Front runners tipped for top job should Prime Minister May be overthrown
Theresa May’s leadership is under threat following the resignations of Boris Johnson and David Davis. These are the runners and riders to succeed her.
His spectacular resignation has already led to fevered speculation about a future leadership bid. He has been repeatedly written off by his critics but remains hugely popular with Eurosceptic Tory MPs, having championed their cause relentlessly in Cabinet — often in the face of caustic opprobrium from his colleagues.
The EU referendum polarised public opinion about Mr Johnson, but his shock resignation will only increase his profile and his hard line on Brexit could win him significant support.
The Home Secretary has won plaudits with both Remainers and Brexiteers for repeatedly taking on the Prime Minister — and winning. Tory Eurosceptics once said they could never forgive him after he decided at the last minute to back Remain after flirting with Brexit.
However, since his appointment as Home Secretary they have been delighted with the way he has embraced Brexit, in particular his decision to side with Boris Johnson and David Davis in rejecting Theresa May’s Customs Partnership.
The Environment Secretary has played his cards very, very carefully in recent weeks.
While privately he has raised significant concerns about Mrs May’s Brexit policy and even ripped up a page of her customs partnership plan during one meeting, publicly he has been far more reticent.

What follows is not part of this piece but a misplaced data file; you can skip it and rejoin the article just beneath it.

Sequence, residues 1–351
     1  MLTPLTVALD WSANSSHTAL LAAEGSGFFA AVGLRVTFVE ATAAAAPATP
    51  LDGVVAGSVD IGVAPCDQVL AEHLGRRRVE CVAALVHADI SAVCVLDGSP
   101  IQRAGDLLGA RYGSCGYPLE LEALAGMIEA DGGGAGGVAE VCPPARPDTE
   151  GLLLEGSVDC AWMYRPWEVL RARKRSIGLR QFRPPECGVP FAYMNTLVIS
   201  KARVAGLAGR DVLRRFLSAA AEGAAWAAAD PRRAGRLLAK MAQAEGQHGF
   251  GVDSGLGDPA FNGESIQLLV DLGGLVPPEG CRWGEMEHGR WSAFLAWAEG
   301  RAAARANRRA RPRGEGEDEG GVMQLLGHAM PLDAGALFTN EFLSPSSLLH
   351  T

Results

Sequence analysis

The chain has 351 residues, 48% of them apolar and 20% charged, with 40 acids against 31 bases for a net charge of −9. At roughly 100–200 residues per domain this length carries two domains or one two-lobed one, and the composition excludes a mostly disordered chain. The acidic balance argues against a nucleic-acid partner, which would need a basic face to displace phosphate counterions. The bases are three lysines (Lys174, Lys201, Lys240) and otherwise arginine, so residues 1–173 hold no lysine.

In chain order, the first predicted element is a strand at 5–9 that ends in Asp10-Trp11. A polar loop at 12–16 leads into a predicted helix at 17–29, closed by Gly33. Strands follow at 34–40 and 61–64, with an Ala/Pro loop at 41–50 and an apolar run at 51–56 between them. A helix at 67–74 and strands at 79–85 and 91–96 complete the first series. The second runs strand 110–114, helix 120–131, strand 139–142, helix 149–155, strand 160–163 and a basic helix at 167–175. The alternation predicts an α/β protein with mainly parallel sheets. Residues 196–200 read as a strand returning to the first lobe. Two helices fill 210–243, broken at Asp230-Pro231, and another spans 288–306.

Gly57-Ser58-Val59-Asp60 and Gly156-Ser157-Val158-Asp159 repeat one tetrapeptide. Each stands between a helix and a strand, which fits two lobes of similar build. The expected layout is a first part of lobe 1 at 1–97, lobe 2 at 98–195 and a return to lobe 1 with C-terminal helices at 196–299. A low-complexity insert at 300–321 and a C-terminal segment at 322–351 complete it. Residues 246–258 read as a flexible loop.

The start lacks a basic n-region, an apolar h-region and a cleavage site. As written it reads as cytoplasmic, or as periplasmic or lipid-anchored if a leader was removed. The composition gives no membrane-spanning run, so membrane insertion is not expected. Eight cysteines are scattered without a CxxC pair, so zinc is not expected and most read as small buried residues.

While he said the Chequers compromise was not what he had hoped for, he added that he was a “realist”.
His comments are in stark contrast to those of Boris Johnson, who described the Brexit plan at Chequers as a “turd”.
However, he has been actively courting fellow MPs and speaking at innumerable think tank events.
The new Foreign Minister has established himself as a firm Eurosceptic, despite having backed Remain during the EU referendum.
He is seen by some as a compromise candidate, and is said to have taken to inviting colleagues in groups of eight or 10 for meetings with sandwiches in Portcullis House.
The Defence Secretary has been locked in an extraordinary row with the Prime Minister over defence funding, and has been accused of telling officials that he could bring her down. “I made her and I can break her,” he is alleged to have said — although aides deny he used that form of words.
The former Chief Whip is said to visit the tearooms every morning, where he has been seen meeting with Eurosceptic MPs.
Among Tory Eurosceptics, Jacob Rees-Mogg, is a man who can do no wrong.
As leader of the European Research Group of Eurosceptic Tory MPs, he has taken a distinctly tougher approach than his predecessor and been merciless in his criticism of Theresa May over Brexit.
He has to date stopped short of directly calling for the Prime Minister’s head, although he has come remarkably close.
Mr Rees-Mogg has always eschewed any leadership ambitions and insisted that his focus is on keeping Mrs May to her promises on Brexit.
And as much as he is loved by Eurosceptics, he was recently branded “insolent” by one Tory minister. At the very least, Mr Rees-Mogg is likely to be a king-maker, but there are some who believe he could end up going all the way.